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Extracurricular Connections Bring Yale Alumni Together Years After Graduation

There are many ways people can continue to feel connected to Yale: class notes, reunions, educational programs, or local Yale clubs, to name just a few. But often the ties that connect us to each other and to Yale are rooted in extracurricular, non-academic experiences.

For me it is squash. Both at Yale and after, squash has encouraged me to reach within myself to find my potential, and it has provided a common language with new people in new places with whom I share a common interest. Squash is one of the kinds of glue that bind Yale alumni; it is one of those things that connect us across generations and across the miles.

Playing squash for Yale was one of my formative experiences. The professional coaches taught me lessons I use every day: focus, hard work, consistency, playing to your strengths, and changing a strategy when it is not working. Playing for Yale taught me the value of teamwork. And so it seemed obvious when I graduated in 1982 and moved back to New York to “go out for” the Yale Club Women’s Team. It has been fun and I have come to know squash players with whom I may or may not have overlapped at Yale. Through the club I have shared a court with Andrea Da Rif '73, '74MFA, a member of Yale’s first women’s varsity squash team; Tracy Ball Greer '81, winner of Yale’s Nellie Elliot Award; world-class player Zerline Goodman '84; and former junior stars Whitney Stewart '89 and Priscilla Marshall '98. Our team has included solid recreational players in addition to some who helped Yale win the Howe Cup (the women’s intercollegiate squash team championship) in 1977, 1986, and 1992.

Playing in the league is very sociable. Around the courts you meet players of all levels and ages. Many of us have played the tournament circuit in New York and other cities. Christina Baird Minnis '87 met her husband (who played squash for Harvard) while playing in a tournament in Chicago, and one of their first dates was to play a tournament in the Caribbean!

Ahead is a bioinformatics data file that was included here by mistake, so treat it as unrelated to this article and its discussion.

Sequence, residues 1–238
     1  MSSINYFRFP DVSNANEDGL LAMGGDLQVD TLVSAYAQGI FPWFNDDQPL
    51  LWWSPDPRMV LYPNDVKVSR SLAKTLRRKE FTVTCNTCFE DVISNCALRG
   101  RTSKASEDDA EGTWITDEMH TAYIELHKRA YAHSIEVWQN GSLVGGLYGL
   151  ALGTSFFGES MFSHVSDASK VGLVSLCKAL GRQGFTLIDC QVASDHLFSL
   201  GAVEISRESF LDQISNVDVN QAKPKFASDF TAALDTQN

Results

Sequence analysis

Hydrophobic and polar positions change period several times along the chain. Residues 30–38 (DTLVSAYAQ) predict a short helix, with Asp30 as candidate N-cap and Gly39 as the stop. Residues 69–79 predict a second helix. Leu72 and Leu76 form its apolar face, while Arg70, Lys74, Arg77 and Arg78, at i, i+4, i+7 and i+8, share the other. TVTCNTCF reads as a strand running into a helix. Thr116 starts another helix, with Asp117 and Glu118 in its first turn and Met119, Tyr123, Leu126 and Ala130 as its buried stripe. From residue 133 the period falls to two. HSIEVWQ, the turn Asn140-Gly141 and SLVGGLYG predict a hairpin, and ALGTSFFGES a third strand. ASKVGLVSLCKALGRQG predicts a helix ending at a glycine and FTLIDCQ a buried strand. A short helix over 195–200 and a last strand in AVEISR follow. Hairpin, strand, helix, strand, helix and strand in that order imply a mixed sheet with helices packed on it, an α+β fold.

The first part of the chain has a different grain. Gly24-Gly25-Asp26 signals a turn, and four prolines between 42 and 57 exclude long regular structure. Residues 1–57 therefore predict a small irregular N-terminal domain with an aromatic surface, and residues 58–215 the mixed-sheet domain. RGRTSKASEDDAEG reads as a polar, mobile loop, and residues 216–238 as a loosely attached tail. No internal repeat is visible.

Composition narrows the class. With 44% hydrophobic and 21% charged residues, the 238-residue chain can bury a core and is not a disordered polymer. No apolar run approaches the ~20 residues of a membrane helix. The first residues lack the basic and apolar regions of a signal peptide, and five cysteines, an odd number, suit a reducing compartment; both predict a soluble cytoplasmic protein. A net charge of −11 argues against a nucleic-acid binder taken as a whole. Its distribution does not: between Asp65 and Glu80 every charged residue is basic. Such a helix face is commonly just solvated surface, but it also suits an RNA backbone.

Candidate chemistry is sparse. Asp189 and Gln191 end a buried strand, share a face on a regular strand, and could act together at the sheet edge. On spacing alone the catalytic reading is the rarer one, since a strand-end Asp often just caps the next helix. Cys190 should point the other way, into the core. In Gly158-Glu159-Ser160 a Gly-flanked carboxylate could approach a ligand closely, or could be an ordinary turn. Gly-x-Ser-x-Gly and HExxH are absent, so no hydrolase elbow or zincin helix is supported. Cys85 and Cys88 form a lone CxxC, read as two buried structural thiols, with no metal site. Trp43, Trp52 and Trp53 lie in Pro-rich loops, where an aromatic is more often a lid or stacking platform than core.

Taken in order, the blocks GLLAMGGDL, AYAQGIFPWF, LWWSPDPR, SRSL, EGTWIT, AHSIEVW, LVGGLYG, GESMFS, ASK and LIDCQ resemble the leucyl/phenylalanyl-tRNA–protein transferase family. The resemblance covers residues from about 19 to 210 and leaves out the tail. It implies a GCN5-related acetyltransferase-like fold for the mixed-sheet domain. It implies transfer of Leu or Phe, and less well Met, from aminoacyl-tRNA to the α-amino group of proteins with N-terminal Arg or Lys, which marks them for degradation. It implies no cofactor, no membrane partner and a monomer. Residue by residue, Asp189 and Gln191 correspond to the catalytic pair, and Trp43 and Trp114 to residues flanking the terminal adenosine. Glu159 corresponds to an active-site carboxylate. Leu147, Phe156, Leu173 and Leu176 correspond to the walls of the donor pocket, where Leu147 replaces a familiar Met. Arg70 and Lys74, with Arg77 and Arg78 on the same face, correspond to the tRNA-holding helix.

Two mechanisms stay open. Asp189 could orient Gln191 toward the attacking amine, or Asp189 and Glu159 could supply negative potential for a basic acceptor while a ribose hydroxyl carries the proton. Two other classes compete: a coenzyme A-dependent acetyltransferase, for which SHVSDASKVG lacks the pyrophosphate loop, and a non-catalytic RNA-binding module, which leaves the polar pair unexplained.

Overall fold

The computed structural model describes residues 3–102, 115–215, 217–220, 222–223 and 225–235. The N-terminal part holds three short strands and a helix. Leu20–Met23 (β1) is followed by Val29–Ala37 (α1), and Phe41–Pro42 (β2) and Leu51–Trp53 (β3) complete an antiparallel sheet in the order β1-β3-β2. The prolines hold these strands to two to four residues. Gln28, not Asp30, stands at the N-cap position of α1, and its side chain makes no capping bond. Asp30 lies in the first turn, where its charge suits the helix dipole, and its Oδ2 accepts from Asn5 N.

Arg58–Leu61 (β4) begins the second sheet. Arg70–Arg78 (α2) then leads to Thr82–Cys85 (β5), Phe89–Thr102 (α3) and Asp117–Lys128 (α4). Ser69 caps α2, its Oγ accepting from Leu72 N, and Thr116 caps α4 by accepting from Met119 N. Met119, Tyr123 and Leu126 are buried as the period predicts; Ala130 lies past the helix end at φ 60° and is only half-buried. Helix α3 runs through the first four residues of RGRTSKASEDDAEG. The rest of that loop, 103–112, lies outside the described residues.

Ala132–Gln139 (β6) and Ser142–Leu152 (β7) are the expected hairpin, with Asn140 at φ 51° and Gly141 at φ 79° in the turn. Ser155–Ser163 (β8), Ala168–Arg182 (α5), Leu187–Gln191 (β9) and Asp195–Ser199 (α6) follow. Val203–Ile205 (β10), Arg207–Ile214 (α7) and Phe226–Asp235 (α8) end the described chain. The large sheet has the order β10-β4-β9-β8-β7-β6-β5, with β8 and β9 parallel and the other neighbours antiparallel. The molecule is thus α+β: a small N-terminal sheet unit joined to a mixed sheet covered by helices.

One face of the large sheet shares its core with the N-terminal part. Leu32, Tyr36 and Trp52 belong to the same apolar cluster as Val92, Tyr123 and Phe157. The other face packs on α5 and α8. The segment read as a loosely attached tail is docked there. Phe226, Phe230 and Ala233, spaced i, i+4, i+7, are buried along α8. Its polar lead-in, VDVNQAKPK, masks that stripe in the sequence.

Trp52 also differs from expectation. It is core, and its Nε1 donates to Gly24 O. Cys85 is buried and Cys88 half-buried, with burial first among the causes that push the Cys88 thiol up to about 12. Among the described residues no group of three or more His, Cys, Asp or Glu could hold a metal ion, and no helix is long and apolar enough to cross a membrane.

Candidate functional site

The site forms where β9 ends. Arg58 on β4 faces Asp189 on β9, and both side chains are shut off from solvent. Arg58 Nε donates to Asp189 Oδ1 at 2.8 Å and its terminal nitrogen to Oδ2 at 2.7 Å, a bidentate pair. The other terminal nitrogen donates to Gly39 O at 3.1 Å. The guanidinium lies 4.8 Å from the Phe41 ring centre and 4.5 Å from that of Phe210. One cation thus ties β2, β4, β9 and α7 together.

Following a bit of a lull in the mid- eighties and early nineties, during which American players adjusted to international rules, squash is making a comeback, and Yale and its alumni may influence the direction the sport takes. Women’s intercollegiate squash officially switched to the international game in 1994—two years before the men—and when the current court renovations at Payne Whitney are completed, Yale will again become the pre-eminent squash facility in the country. Mark Talbott, the most famous squash player in North America, took over coaching the women’s program in the fall of 1998, when coaching legend Dale Walker retired, and joined his brother Dave, who coaches the men. Melissa Mather Pearsall '89, chair of the New York Yale Club athletics committee, oversaw the renovation of the club’s courts in the summer of 1998, and they reopened last November. Zerline Goodman '84 has been part-time marketing director for the World Professional “Tournament of Champions,” which was held in a portable squash court in Grand Central Station. Berkeley Belknap '92, the most decorated player at Yale, is a candidate to represent the U.S. at upcoming world tournaments. And in April Yale celebrated 25 years of women’s athletic competition in the Ivy League.

These events provided the inspiration for an all-Yale Squash Reunion & Dinner that was held in New York to honor retired coach Dale Walker and was timed to dovetail with the Tournament of Champions in January. Sponsored by Skillman Associates and the Friends of Yale Squash, more than 100 men and women participated—from the Class of 1929 to the Class of 1999—mingling ages, eras, and genders to play some squash, reminisce, catch up, meet new players and current coaches and, of course, to sing “Bright College Years!”




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